TC TO LADY ASHBURTON ; 12 November 1850; DOI: 10.1215/lt-18501112-TC-LA-01; CL 25: 276-278
TC TO LADY ASHBURTON
Chelsea, 12 Novr, 1850—
On Saturday, by way of mute memento, rather than with the hope of doing any service to your studies, I despatched a Sophocles by Post,—duly settling for the “three blue stamps” with the official person here, and nothing doubting but you would get the poor Book next day. From Mr Maberley,1 however, there arrives this morning an announcement that it lies, for some reason quite mysterious to me, imprisoned in the Dead Letter Office, and will be forwarded on payment of “4/7 more”! What the knot of this foolish coil is I cannot conjecture; but today, by one means or another, I will see to it; and tomorrow, most probably, the poor prisoner of a Book will fly out towards you again, and arrive this time. If it do not arrive within three days (before you go to Norman Court2), please let me know;—if it do, you can also let me know, but are not bound to any day for it. And this is all the “business” I can pretend to have at present; this smallest of the small! For which I am even thankful as better than none at all.
Alas, I am very low at present; never was so buried under mountains of encumbrance, and crushed down almost to the overloading of my considerable powers of endurance, as even now. Better to be silent altogether. To nearly all mortals I am silent from choice; to the infinitesimal remainder, to whom my poor heart might long to speak, I seem to be compelled to silence. Never, or not often I think, in human history, were the “speaking powers” of an individual more inadequate than mine at present! Let us follow the rule then, so far as we can gradually read it or grope it; one must endure whatever it be, when there is nothing that one can wisely do.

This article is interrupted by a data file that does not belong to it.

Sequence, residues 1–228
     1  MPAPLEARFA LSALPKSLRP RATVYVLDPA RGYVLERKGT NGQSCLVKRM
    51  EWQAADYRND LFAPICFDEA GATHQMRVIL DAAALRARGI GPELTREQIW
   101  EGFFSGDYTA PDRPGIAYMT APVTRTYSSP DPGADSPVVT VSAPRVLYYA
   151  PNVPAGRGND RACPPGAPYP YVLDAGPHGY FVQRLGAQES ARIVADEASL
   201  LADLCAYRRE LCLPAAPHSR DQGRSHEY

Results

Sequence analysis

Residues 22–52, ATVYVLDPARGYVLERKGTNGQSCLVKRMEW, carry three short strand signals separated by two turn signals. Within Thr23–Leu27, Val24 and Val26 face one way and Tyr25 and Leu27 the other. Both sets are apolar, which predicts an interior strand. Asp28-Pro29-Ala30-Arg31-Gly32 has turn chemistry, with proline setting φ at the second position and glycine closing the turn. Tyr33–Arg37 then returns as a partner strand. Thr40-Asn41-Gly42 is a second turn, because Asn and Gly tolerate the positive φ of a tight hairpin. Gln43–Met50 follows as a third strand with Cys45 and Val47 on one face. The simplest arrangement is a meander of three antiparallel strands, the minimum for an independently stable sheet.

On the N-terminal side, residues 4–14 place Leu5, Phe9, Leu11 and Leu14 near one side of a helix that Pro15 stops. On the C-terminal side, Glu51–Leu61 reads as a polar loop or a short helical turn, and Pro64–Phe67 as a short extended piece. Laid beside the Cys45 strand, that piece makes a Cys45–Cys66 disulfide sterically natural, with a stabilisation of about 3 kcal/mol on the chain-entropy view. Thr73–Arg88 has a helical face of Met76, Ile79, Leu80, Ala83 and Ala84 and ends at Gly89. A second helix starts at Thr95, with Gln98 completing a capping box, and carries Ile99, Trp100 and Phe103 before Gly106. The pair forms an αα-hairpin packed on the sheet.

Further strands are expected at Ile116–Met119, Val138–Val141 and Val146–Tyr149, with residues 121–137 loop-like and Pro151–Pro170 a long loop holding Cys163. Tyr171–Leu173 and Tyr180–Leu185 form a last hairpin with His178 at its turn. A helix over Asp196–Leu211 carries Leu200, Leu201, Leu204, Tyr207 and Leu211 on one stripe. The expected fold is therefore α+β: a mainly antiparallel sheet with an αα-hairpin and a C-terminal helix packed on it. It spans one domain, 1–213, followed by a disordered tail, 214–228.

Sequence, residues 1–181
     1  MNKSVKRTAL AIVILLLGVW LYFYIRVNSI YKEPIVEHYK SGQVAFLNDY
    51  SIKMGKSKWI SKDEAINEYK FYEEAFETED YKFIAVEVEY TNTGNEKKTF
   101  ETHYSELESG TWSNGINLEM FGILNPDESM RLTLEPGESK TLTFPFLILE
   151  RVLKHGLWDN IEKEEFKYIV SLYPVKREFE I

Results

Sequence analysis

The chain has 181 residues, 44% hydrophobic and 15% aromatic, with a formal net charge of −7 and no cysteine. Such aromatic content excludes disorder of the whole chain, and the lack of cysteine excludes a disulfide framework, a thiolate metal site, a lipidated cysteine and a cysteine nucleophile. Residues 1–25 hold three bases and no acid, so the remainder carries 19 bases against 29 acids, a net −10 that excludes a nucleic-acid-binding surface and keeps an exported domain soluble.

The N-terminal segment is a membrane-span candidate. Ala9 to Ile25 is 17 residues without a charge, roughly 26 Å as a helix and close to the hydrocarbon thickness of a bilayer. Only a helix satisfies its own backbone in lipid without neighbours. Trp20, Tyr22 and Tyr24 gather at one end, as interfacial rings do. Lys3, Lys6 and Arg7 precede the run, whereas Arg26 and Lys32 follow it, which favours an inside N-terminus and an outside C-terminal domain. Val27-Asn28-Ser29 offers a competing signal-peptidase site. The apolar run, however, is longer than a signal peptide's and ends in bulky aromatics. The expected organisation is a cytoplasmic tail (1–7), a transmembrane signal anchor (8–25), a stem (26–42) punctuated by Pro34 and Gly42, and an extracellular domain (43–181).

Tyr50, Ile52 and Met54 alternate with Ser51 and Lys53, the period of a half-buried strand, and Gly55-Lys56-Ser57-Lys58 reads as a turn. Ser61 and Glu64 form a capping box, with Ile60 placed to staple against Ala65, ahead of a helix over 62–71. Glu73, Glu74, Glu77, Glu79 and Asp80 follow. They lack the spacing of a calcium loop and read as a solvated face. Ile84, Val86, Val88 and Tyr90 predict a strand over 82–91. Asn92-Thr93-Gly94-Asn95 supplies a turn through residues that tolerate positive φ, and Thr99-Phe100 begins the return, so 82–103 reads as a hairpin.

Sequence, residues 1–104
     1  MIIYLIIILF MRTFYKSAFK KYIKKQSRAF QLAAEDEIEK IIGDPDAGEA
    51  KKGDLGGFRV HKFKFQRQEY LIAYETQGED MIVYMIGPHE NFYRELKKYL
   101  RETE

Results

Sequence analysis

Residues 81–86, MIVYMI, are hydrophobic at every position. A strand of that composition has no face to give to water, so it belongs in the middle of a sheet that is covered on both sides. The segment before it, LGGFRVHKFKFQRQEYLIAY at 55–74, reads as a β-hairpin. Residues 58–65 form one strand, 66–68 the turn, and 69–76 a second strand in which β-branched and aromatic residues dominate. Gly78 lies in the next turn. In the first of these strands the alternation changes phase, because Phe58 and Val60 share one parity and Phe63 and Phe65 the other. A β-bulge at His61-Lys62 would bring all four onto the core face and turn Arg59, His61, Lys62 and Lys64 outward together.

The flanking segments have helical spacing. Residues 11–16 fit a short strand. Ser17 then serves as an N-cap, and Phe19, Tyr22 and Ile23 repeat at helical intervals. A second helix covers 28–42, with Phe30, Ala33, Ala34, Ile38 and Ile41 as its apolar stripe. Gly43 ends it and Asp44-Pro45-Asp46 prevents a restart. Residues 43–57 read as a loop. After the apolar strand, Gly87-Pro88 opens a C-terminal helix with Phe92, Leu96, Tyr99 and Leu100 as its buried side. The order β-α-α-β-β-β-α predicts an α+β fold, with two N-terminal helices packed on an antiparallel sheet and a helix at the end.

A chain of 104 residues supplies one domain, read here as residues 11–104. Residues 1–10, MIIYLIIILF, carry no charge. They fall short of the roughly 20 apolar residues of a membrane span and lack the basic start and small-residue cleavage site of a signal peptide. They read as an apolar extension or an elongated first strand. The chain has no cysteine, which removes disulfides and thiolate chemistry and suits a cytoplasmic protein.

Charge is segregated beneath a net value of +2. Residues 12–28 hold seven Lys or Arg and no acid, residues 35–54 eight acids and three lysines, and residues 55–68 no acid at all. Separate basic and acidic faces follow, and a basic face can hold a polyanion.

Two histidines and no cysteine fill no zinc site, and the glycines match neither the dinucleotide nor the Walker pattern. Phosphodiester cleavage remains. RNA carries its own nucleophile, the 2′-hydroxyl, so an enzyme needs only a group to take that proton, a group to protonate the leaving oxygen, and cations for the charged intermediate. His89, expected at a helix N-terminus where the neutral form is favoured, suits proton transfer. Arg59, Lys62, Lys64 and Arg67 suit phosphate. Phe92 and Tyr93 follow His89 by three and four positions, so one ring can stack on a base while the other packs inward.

To come to Brighton for a day is what I of course wish, nor do I omit or purpose to omit any glimmering of chance there may be of well doing it: but, in fact, I suppose there is or will be none; and probably it will be best for me to lay my account with that. I shall thus avoid disappointment at least. In fact I think I am low enough down at present to be pretty safe from “disappointment”:—God help me! But neither will I make any complaint. I have heard, “it is a long lane that has no turning.” We shall see. I often enough think I know of such “lanes” too. But we shall see.
Of writing there is yet no definite outlook or project. But I must write; it is my one way of expressing all the imprisoned existence of me, this horrid “wrestle” I have had (I for one, and I think I know others in this devil-ridden Planet) ever since my poor biography began: a miserable outlet and “way,” as I often passionately reflect; but it is and has been my sole one; let me not spill that too, and go mad altogether. O Lady, O my Lady,—had not you better score me out of your books, and bid me begone as a grumbling ion of mere Misfortune, Pain, and as it were Perdition (temporal if not eternal)? I believe you will not, after all, just yet; and yet perhaps you had better?—— Well; here is the Note from Cobden, in reply to mine about his School Agitation: will neither you nor Lord A. join in that “reform movement,”3 the one reform conceivable to me now that Peel is gone? A certain “Mr Lombe of Norfolk” has given £500.4 Adieu my noblest friend. God bless you always.